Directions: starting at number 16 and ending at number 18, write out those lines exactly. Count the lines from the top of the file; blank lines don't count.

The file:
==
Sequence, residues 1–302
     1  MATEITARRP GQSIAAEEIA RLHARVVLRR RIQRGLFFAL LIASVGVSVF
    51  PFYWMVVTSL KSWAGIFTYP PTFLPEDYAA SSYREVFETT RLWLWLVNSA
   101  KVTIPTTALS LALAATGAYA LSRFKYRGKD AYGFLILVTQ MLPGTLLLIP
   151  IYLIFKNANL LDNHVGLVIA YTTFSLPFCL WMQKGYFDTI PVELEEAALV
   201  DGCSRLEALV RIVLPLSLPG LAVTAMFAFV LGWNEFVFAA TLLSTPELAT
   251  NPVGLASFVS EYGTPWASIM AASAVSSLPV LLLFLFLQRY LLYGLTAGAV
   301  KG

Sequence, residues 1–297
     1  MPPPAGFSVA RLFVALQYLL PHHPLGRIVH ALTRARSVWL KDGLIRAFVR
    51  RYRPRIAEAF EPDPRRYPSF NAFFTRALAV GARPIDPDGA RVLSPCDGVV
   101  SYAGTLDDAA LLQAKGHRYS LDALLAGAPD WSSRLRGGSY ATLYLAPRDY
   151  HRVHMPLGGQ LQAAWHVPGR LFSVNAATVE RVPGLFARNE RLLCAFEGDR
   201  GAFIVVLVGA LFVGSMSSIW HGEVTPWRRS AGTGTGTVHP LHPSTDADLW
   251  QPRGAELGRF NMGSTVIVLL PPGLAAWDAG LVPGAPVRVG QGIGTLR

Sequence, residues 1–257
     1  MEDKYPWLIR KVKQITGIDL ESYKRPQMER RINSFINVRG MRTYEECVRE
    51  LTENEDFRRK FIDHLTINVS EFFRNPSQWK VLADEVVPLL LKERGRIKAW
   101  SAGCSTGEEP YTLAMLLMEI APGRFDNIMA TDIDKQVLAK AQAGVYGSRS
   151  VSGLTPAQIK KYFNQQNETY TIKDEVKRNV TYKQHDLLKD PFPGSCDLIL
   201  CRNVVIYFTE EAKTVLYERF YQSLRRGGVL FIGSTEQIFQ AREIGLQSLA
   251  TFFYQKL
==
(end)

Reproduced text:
Sequence, residues 1–257
     1  MEDKYPWLIR KVKQITGIDL ESYKRPQMER RINSFINVRG MRTYEECVRE
    51  LTENEDFRRK FIDHLTINVS EFFRNPSQWK VLADEVVPLL LKERGRIKAW